Watch Your Duration When Rates Rise

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Matt Tucker explains what “duration" is and how to think about it in a rising interest rate environment.

While recent market volatility is leading many investors to look for the nearest exit, my colleague Russ Koesterich insists it’s time to stay the course while acknowledging that we may encounter some more bumps down the road. He has some suggestions for bond exposure, specifically sectors that look more attractive right now.

Duration is a term we use in the bond world that can help us determine an investment’s interest rate risk. Today, I’ll explore the basics: What duration means and how to apply it to your bond strategy.

Deciphering Duration

When interest rates fluctuate, bond prices also shift. Rising rates push bond prices lower, while falling rates push bond prices higher. Duration, expressed as a number of years, measures a bond’s interest rate sensitivity: The higher the duration, the higher the interest rate risk. This means that if interest rates rise the price of a high duration bond will fall more than the price of a low duration bond.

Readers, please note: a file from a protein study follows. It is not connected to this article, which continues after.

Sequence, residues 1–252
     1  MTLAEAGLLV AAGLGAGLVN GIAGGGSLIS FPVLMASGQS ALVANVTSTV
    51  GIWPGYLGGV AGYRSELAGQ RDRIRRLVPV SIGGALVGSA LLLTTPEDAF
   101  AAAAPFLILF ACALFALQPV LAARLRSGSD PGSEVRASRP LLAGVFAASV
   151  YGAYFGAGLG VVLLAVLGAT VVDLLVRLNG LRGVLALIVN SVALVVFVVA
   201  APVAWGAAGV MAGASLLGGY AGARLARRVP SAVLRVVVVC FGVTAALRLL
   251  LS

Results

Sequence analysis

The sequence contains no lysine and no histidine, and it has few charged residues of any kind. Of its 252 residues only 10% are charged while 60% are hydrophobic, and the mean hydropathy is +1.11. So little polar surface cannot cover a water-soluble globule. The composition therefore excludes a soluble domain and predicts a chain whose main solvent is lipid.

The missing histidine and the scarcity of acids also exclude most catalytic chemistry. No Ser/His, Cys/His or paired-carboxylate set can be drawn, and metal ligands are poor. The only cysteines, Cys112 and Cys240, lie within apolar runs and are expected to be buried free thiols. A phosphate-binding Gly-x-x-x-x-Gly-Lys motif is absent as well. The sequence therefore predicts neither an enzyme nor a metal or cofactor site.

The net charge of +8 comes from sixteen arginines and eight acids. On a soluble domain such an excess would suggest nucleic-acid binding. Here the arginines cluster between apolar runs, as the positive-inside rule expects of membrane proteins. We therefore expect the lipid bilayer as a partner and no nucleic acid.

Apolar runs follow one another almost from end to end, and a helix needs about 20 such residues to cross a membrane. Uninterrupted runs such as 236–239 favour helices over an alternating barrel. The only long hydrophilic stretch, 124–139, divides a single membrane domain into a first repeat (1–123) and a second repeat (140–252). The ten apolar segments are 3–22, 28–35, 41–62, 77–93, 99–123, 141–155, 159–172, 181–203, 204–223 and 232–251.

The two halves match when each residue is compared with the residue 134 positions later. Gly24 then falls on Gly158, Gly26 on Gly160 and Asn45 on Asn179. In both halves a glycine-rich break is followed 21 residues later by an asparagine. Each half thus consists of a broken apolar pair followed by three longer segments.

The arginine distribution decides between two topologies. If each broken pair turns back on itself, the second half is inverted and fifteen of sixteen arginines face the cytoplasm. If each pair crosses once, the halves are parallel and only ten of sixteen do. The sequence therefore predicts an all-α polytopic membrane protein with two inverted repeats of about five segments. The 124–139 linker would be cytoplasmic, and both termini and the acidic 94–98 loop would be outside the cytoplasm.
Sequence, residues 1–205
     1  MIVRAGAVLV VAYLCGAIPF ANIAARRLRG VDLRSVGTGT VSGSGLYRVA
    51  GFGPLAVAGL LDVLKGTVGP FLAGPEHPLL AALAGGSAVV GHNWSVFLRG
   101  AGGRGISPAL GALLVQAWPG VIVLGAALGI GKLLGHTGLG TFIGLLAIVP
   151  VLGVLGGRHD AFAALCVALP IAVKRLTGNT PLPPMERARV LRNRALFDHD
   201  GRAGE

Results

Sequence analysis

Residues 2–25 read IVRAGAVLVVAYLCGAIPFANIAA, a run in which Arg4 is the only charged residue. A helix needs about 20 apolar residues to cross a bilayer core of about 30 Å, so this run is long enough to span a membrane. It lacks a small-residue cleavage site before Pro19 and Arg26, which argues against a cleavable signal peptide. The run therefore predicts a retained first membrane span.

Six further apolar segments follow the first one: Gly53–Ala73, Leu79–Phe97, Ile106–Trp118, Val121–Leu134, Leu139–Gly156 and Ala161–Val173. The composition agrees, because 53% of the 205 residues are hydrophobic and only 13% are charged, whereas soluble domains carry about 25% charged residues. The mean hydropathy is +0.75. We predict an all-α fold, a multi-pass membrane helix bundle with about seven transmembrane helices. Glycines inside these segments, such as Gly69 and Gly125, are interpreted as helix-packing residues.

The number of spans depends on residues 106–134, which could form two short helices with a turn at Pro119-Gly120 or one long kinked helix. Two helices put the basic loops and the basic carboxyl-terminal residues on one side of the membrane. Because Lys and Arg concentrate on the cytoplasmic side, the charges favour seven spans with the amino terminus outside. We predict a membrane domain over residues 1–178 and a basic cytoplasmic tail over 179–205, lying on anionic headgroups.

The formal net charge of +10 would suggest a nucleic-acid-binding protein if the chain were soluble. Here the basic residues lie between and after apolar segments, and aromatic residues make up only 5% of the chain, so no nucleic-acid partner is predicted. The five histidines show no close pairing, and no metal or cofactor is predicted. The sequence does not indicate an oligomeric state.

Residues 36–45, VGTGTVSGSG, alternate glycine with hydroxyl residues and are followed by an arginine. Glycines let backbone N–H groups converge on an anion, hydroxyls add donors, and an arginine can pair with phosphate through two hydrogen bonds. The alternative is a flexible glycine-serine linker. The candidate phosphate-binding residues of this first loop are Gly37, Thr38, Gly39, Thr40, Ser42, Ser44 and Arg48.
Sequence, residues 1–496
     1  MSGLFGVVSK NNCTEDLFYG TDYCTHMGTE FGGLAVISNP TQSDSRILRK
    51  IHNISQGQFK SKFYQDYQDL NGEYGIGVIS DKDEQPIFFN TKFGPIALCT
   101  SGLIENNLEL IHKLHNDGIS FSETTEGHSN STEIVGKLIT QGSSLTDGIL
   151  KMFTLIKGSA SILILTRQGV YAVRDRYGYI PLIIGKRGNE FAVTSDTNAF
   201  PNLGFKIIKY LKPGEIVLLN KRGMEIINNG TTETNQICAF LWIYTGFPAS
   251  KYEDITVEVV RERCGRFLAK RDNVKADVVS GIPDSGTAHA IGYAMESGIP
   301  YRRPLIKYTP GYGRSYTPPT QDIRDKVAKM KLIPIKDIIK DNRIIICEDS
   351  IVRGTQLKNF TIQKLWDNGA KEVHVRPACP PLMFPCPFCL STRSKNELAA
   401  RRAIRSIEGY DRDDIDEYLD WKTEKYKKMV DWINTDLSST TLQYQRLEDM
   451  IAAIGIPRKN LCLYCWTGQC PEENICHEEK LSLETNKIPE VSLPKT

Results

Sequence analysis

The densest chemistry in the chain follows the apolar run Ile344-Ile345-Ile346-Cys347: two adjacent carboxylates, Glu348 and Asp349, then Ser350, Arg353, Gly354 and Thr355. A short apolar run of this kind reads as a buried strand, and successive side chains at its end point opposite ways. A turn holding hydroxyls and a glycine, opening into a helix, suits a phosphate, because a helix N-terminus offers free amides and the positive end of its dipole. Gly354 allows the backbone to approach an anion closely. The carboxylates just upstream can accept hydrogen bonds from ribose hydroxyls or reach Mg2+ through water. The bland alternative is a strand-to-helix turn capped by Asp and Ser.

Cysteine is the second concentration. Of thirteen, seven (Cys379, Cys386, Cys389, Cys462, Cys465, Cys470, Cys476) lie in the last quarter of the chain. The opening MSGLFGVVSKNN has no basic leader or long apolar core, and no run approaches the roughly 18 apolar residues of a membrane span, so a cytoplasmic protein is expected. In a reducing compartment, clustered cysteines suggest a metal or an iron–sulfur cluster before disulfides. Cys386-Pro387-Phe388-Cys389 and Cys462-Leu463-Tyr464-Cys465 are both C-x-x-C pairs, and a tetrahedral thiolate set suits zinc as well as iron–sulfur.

Short, Medium and Long Duration

In fixed income, investors use the term “short” to denote a low duration, and “long” to denote a high duration. The duration of a bond is related to its maturity, with longer maturity bonds generally having higher durations. To be fair, longer maturity bonds don’t always have longer durations, but this is the case more often than not. Let’s take a look at some definitions for different duration ranges.

1. Short duration

When we say “short duration”, we are generally referring to bonds that mature within three years. Short duration bond strategies tend to have lower yields than long duration bond strategies, but when interest rates rise, short duration strategies will experience a smaller price drop.

2. Medium duration

This refers to bond funds with average maturities of 3 to 10 years. Usually, yield is higher with these types of bond strategies than with short duration, while interest rate risk is lower than long duration.

3. Long duration

This generally encompasses bond strategies with an average maturity of more than 10 years. This strategy usually offers the highest interest rates, which can be optimal in a falling rate environment. But when rates rise, long duration bond strategies can experience sharp price declines.

What to Do Now

My colleagues and I believe that U.S. economic data, including the recent jobs report, reinforce that a Fed rate hike is on the horizon, likely later this year. It is unclear if the Fed’s move will cause interest rates to rise in the near term, but we do expect that we will at least see more interest rate volatility. Investors should take care to reevaluate their duration exposure accordingly.


Matt Tucker, CFA, is the iShares Head of Fixed Income Strategy and a regular contributor to the The Blog.

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